A Changeover To All Synthetic Lubes

How this business decision resulted in a substantial savings for one trucking company

Survival in the competitive trucking industry takes a resolute spirit and the willingness to try new things. Barry Lesmeister, owner of Lesmeister Transportation in Bismarck, ND – a company that hauls products for the beverage and general commodities industries across the northern United States, has both. He says his competitive drive motivates him to keep abreast of new products and services that he might incorporate into his operation to be more profitable.

One area of focus has been on heavy duty specialized lubricants for commercial vehicles, with an eye toward motor oils and greases that can help maximize the life of his equipment - 25 tractors and 40 trailers - that have to endure the long, brutal winters in North Dakota. Lesmeister began looking into using synthetic lubricants because of the performance advantages they offer compared to conventional mineral-based lubes, including enhanced protection under all operating conditions.

Years ago, the company began using Mobil Delvac 1300 Super 15W-40 conventional oils in its trucks. This extra-high performance, diesel engine oil was designed to help extend engine life, provide enhanced wear protection and oxidation resistance, even under severe conditions. “We had good results,” says Lesmeister.


Afterward, the fleet then switched to Mobil-branded synthetic products for the differentials, gearboxes and transmissions in order to get added protection for the trucks. In some instances, synthetic greases are superior to conventional petroleum-based oils in their ability to resist breakdown from mechanical and thermal conditions.

The synthetic benefits Lesmeister Transportation saw under the hood encouraged the company to begin using Mobilith SHC 007 synthetic grease in the non-driven wheel ends of the company trailers. The grease is a high-performance product scientifically engineered to exceed the demanding requirements for severe applications at extreme temperatures. Before the switch, Lesmeister technicians were changing the grease at every brake job. Now, with Mobilith SHC 007, they change the grease every fourth brake job, saving the company close to $4,000 per year in parts and labor costs.

“We were amazed at how well the synthetics performed, and right away we knew the next obvious step was to start running synthetic in the engine compartments across the fleet,” he says.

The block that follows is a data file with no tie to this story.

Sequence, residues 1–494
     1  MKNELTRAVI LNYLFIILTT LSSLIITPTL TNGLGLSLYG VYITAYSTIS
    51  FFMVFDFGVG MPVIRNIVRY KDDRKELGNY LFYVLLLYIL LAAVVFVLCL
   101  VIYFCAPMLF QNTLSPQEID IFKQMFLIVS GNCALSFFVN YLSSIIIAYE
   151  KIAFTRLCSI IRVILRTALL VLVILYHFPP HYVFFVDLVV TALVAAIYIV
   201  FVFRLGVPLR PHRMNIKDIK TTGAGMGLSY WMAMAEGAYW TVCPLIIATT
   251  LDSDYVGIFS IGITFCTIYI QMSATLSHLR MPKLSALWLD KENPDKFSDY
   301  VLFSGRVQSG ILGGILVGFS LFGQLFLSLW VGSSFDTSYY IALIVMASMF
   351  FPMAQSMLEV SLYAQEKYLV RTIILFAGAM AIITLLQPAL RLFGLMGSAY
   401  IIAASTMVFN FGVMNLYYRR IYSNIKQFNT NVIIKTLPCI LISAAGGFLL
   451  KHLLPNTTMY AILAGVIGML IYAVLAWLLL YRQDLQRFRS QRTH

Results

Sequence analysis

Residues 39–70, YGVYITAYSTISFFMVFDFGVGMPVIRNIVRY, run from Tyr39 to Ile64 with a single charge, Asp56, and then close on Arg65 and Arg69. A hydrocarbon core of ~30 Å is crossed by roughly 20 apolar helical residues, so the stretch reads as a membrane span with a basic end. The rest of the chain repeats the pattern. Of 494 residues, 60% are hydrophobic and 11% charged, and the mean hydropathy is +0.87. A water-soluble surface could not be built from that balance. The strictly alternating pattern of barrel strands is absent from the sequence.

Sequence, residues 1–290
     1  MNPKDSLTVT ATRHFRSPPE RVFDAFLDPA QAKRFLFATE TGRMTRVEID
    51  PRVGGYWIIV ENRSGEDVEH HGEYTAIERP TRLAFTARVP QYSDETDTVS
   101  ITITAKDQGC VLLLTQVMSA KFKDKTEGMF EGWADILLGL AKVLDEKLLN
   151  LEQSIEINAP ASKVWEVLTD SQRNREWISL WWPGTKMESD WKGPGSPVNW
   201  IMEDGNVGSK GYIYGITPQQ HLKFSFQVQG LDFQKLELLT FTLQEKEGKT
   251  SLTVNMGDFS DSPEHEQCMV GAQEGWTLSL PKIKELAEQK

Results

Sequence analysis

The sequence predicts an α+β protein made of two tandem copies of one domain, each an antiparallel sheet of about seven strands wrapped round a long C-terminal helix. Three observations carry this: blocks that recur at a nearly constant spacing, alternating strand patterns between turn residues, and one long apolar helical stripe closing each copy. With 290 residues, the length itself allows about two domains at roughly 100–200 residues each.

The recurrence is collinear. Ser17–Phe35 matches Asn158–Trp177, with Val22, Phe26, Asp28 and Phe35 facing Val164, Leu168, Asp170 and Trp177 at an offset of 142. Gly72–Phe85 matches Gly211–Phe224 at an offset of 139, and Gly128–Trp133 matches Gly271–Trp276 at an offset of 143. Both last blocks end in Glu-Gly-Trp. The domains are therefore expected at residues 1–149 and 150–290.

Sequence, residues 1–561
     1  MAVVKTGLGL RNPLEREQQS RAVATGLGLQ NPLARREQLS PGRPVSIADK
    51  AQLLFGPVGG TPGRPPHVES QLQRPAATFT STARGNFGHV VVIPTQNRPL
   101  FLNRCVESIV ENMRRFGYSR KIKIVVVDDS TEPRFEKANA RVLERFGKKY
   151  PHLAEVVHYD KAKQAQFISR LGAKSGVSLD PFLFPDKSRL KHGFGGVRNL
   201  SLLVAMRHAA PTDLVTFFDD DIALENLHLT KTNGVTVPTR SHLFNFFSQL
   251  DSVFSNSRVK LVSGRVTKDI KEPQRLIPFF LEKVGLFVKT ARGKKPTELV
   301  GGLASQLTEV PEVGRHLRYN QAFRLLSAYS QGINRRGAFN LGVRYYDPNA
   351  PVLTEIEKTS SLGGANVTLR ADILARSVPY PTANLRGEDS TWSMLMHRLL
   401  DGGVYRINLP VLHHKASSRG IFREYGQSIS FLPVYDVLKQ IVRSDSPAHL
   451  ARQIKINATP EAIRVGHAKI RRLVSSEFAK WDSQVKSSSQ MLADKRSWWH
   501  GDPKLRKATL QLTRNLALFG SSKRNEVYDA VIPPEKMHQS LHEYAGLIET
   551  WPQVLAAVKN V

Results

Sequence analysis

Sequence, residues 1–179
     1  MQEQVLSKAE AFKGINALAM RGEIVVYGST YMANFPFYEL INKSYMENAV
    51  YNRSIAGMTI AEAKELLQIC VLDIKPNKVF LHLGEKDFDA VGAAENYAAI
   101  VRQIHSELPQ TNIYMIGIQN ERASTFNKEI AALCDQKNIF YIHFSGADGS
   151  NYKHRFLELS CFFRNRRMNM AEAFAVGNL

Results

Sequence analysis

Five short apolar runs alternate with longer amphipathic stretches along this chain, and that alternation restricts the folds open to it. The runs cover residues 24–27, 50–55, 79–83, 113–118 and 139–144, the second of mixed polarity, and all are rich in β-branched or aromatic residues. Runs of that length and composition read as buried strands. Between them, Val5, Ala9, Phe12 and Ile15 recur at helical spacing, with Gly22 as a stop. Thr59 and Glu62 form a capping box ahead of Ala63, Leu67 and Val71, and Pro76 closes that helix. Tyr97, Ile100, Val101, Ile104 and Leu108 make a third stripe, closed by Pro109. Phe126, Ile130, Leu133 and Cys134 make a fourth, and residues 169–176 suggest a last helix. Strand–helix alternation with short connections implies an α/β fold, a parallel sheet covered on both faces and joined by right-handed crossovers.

Soon, Lesmeister was meeting with his longtime Mobil distributor, Farstad Oil, to discuss the benefits of switching the fleet to synthetic engine oil.

“Many of our customers have a lot of success with the synthetics up here in North Dakota, so for us and Barry, this was a no-brainer,” says Kirby Mueller, lube oil general manager at Farstad Oil, a family-operated wholesale petroleum products distributor based in Minot, ND. “We worked closely with Barry and his team to review the performance and economic benefits he would see from upgrading the entire fleet to running synthetics in the engine compartments.”

In their discussions it was noted that synthetic lubricants resist degradation at high temperatures better than conventional oils, leading to longer oil life and reduced deposits, sludge and varnish formation. At low temperatures, synthetic lubricants flow better than conventional oils, allowing them to reach components faster in order to provide quicker and better protection against wear.

It was also noted that synthetic lubricants are more efficient than conventional oils, leading to lower friction during operation. This lower friction can be seen in improved fuel economy and lower operating temperatures, particularly in axle and transmission applications. In addition, many equipment builders endorse extended oil drain intervals when properly approved synthetic oils are used.

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